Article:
My Review:A Nantucket shopkeeper discovers that Christmas is the perfect occasion to make unexpected friendships, to warm the coldest of hearts--and maybe even to find love.
Christina Antonioni is preparing for the holidays at her Nantucket toy shop, unpacking last-minute shipments and decorating for her loyal Christmas shoppers. But when her Scrooge of a landlord, Oscar Bittlesman, raises her rent, it seems nearly impossible for Christina to continue business on the wharf.
Even so, Christina firmly believes there may be a warm heart underneath Oscar's steely exterior. When she bonds with Wink, his sweet, young granddaughter who frequents the shop, it becomes clear that perhaps he isn't so cold after all. And with the help of Wink's uncle, who happens to be a charming (and extremely wealthy) bachelor, this may be the best Christmas any of them could have ever imagined. Nancy Thayer's enchanting Nantucket setting provides the perfect backdrop for this holiday love story.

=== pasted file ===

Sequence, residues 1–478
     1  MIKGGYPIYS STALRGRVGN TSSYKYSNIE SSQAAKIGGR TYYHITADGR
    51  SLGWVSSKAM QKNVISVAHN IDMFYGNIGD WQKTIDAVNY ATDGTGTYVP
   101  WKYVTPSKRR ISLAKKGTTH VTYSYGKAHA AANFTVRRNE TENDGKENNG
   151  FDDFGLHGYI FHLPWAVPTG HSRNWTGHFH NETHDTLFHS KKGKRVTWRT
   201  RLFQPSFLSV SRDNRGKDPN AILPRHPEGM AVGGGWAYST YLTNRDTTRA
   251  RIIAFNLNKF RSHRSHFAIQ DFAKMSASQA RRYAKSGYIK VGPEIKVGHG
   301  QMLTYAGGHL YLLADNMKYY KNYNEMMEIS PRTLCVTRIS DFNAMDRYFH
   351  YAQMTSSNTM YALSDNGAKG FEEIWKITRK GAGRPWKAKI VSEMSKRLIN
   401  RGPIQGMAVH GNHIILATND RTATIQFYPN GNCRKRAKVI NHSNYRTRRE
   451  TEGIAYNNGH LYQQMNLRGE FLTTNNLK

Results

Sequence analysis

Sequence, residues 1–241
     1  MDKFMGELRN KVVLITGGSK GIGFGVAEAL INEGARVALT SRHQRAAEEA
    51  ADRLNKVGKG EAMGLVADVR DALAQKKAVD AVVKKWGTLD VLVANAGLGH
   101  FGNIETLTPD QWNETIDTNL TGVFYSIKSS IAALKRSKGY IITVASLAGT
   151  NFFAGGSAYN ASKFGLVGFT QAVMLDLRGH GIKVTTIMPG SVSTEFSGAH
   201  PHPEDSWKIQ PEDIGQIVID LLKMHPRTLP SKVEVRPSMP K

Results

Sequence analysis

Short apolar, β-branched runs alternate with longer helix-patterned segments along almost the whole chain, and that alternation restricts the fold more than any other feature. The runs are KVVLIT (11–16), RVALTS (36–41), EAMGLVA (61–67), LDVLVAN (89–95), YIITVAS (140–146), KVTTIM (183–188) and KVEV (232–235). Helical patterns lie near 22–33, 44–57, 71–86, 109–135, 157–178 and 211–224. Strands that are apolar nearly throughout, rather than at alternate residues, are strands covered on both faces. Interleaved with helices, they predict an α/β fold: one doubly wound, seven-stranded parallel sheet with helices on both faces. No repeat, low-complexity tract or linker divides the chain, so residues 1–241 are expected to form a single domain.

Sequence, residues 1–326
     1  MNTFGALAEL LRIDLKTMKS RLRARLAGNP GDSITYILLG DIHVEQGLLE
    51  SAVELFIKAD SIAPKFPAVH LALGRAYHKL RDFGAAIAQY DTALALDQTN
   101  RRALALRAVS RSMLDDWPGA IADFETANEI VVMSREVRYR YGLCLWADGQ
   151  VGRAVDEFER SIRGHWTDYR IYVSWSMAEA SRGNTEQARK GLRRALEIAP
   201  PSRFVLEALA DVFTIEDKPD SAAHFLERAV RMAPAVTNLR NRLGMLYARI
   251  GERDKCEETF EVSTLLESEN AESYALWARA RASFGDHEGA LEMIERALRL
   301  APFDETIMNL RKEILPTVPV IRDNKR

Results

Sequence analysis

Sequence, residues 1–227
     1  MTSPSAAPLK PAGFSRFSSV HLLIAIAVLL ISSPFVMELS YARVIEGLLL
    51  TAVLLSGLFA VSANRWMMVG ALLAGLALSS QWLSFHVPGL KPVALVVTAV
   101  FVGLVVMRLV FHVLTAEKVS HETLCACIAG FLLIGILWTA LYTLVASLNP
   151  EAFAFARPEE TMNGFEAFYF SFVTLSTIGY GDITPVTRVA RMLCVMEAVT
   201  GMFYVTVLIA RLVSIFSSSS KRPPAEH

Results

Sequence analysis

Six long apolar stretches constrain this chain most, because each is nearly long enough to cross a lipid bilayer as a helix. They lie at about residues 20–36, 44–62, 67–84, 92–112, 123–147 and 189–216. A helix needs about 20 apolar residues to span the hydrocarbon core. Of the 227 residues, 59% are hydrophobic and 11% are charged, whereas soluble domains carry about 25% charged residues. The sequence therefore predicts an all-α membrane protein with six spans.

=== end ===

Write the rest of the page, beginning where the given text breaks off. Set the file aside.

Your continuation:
This was chaste and sweet to the point of making my teeth ache -- it honestly did not read nor feel like a Nancy Thayer book at all! I've read many of her summer books and even a few of her winter books and this was different from all of them. It was just beyond wholesome to the point of making me roll my eyes several times. I would skip this one and head to her backlist for some really fun books.
Let It Snow comes out next month on October 9, 2019, and you can purchase HERE.
"Mom, I want to fall intro true, deep long-lasting love like you did with Dad."
"Not everyone gets that," her mother told her.
"We want to be sure you've got someone to take care of you," her father said.
Those were fighting words for Christina. "I can take care of myself!" she declared.
"Oh, honey, we know that," her mother told her. "It's the little things we worry about. Like who will bring you aspirin when you have the flue. Or who will meet you at the ferry after you've gone off for a day's shopping."
Christina's mother had a gift for knowing that the small, seemingly inconsequential things mattered.